Mary Kate Danaher (Maureen O’hara) in John Ford’s Film the Quiet Man from 1952 Is ‘the Projection of an Emigrant Fantasy of Return’ (Barton, 2004). Discuss Critically.

Topics: Maureen O'Hara, Irish people, Ireland Pages: 2 (681 words) Published: February 28, 2013
Mary Kate Danaher (Maureen O’Hara) in John Ford’s film The Quiet Man from 1952 is ‘the projection of an emigrant fantasy of return’ (Barton, 2004). Discuss critically.

Mary Kate Danaher is a representation of the emigrant fantasy of return. From her first appearance in the picturesque fields of Innisfree to her eventual marriage to Sean Thornton Mary Kate fulfils the stereotypical Irish maiden role portrayed so many times in Irish Cinema. When first viewed by Thornton she is portrayed as a typical Pastoral Maiden from the a Rococo painting, dressed in royal blue and red and tending to her sheep: “a red- haired shepherdess in a verdant glade” (Screening Ireland). From the off Mary Kate is portrayed as strikingly beautiful, hardworking and pure. Such is the surreal nature of the encounter Sean exclaims “Is she real? She couldn’t be!” This romanticised pastoral art like vision reinforces the ideal of a woman which perhaps is Thornton and many Irish diaspora’s view on how a native Irish woman should be. She fits the stereotypical Irish woman mould. She appears independent, passionate and fearless, and at first resists the attempts of Sean to win her heart. However, at the end of the film Mary Kate appears all too happy to settle for patriarchal dominance and a subservient existence. The pinnacle of her ambition is “to have her own house and a place for her mother’s China.” Mary Kate’s red hair and fiery temperament add to the often “symbolic annihilation” (McCloone 1984) of women as seen previously in Irish film and television, and in turn Hollywood.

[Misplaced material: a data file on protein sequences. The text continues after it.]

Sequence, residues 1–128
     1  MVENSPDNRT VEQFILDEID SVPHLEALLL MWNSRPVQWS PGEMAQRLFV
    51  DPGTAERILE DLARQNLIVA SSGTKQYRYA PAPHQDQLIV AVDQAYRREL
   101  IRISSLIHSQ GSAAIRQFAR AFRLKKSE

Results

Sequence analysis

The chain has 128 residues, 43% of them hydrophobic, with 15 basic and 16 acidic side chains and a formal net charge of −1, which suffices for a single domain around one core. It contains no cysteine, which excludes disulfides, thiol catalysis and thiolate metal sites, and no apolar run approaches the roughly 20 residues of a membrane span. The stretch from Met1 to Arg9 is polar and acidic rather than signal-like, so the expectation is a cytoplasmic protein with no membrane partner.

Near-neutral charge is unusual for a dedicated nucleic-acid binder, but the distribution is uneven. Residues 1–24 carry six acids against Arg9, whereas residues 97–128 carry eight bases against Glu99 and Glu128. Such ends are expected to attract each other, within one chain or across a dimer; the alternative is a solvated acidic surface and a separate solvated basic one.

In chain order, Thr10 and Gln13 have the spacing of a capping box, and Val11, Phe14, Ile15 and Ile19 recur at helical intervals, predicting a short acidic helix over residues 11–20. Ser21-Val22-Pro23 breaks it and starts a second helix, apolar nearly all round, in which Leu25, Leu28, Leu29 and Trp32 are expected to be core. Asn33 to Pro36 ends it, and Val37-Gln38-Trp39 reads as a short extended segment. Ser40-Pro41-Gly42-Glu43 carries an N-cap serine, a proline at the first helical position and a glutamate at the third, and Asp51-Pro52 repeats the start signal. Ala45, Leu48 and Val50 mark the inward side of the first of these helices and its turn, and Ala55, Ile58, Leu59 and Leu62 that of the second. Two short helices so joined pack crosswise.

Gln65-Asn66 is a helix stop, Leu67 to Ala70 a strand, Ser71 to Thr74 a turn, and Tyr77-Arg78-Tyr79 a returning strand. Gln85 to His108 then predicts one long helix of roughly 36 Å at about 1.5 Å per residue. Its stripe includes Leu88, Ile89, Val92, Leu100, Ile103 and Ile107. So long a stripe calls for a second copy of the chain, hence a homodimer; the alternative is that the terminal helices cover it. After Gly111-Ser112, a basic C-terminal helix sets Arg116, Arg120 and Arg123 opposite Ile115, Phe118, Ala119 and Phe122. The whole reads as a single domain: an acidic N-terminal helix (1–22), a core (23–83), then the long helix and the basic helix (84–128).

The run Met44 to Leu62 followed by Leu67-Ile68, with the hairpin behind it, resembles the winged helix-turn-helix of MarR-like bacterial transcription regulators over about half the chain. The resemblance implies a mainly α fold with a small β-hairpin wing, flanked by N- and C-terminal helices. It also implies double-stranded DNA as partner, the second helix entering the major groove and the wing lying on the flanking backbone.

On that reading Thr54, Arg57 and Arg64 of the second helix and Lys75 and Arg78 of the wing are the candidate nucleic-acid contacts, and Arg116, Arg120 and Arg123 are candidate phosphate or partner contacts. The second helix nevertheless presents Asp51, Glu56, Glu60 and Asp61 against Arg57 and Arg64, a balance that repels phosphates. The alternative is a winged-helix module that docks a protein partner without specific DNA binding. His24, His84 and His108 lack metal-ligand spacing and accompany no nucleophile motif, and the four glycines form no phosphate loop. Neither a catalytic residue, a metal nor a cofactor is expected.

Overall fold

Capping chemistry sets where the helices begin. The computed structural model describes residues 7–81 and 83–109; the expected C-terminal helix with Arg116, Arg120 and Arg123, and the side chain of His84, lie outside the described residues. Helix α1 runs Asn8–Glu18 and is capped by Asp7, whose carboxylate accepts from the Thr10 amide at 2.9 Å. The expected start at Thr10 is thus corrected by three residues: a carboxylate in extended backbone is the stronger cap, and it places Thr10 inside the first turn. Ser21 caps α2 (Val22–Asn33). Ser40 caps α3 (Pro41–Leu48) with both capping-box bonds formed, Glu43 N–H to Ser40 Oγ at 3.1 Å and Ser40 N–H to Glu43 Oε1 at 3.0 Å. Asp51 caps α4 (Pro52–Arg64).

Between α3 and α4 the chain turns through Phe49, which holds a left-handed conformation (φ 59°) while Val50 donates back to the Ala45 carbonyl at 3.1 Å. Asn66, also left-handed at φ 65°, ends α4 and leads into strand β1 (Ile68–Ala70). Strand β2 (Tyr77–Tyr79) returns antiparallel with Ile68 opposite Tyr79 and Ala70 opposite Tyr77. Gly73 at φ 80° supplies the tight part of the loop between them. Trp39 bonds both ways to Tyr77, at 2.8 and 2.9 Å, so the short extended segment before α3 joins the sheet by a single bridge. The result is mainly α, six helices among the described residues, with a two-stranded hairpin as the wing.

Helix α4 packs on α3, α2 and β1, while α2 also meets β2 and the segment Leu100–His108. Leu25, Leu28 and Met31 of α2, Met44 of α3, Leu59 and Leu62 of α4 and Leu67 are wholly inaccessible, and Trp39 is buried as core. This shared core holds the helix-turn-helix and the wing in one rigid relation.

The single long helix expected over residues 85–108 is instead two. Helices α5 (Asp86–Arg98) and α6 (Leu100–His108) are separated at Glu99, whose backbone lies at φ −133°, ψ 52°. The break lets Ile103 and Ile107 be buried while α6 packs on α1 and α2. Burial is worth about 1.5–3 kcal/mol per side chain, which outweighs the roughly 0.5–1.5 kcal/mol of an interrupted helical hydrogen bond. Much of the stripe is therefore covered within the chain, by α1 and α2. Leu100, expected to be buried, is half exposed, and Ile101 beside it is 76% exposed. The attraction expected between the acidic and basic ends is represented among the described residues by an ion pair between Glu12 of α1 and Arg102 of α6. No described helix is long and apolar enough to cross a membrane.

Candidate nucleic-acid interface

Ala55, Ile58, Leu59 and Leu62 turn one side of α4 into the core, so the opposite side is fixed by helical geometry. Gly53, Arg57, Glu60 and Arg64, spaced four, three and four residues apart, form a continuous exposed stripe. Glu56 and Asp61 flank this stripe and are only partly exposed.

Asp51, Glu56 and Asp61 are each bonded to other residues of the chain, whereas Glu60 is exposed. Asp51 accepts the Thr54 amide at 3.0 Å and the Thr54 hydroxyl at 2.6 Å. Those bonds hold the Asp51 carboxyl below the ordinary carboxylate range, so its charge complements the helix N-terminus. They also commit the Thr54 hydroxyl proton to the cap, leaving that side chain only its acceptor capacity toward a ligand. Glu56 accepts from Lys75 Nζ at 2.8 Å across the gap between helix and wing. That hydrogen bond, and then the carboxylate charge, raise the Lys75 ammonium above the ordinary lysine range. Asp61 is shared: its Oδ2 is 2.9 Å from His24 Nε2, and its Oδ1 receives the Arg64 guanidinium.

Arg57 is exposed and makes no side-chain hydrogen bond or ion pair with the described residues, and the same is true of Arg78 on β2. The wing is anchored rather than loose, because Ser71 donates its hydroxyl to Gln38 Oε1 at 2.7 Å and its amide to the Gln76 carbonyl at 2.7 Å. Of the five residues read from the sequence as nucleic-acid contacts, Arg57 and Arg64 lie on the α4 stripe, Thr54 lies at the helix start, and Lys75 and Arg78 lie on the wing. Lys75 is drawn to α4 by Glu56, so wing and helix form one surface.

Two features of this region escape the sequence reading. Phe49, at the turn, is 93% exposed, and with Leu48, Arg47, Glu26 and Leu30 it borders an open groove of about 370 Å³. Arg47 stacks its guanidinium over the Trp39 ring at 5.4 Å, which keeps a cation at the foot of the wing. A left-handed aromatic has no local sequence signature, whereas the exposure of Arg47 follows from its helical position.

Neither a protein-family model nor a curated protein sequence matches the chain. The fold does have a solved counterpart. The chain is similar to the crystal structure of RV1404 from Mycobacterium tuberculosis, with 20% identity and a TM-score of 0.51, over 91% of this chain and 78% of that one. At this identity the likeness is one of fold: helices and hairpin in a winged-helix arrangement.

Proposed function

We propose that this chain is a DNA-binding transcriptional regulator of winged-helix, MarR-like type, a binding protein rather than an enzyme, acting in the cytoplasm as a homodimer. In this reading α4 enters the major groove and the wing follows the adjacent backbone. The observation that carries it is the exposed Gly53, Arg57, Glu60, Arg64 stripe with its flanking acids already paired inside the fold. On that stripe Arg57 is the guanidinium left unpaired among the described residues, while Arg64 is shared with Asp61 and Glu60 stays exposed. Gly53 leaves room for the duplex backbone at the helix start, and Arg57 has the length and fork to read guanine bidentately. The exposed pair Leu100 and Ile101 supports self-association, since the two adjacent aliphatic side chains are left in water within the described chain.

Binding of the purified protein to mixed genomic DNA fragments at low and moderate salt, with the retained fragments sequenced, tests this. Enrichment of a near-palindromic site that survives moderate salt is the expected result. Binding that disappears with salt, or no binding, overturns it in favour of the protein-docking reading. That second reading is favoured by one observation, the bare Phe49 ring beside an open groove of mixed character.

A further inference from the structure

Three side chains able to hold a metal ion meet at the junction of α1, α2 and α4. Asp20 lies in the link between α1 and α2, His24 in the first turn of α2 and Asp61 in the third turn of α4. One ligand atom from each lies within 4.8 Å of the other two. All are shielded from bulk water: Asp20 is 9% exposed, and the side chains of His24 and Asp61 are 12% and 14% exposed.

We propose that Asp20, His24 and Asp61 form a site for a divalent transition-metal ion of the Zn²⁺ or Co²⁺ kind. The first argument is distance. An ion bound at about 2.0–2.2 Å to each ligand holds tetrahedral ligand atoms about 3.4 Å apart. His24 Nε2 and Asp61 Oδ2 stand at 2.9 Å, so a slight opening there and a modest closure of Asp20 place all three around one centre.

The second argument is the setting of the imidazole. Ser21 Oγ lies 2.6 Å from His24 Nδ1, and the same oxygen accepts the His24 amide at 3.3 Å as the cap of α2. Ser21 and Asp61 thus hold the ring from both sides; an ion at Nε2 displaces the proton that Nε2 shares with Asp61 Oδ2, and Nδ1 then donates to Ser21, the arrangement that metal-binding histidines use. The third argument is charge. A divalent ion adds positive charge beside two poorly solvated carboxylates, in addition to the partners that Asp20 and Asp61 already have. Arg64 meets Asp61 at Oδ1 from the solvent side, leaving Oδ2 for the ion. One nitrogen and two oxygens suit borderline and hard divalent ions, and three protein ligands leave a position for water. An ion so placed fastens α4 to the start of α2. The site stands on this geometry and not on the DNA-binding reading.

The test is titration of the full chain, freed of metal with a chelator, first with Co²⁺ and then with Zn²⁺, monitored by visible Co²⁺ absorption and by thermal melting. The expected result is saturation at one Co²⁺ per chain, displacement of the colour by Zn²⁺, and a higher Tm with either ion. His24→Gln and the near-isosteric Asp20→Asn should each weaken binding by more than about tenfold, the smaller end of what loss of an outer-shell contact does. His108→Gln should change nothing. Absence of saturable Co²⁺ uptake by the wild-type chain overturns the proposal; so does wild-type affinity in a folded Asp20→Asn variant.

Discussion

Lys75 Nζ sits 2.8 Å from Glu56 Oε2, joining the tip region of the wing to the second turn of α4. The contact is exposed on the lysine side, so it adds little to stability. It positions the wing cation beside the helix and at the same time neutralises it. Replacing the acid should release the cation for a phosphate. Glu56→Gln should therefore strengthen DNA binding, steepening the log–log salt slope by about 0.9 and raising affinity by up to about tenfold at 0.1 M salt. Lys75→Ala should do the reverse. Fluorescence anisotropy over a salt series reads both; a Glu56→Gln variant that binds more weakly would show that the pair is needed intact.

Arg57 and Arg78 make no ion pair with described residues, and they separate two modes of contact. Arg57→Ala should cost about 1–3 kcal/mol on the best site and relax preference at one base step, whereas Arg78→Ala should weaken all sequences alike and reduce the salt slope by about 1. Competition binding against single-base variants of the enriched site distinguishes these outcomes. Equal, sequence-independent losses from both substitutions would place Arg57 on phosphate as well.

This emigrant fantasy is further reflected in the representation of Ireland as a country of peace and harmony. In the context of the Irish civil war this in reality not the case. McCloone (2008) states that it “carries on a dialogue between illusion and reality and a discourse between illusion and illusion and has little in common with the Ireland of the 1920s in which it is ostensibly set.” We are introduced...

Bibliography: * Pettitt, Lance: Screening Ireland. Film and television representation (Manchester UP, 2000), Part I
* Barton, Ruth: Irish National Cinema (Routledge, 2004), Part II, Chapters 7 and 10;
* McLoone, Martin: Film, Media and Popular Culture. Cityscapes, Landscapes, Soundscapes (Irish Academic Press, 2008)
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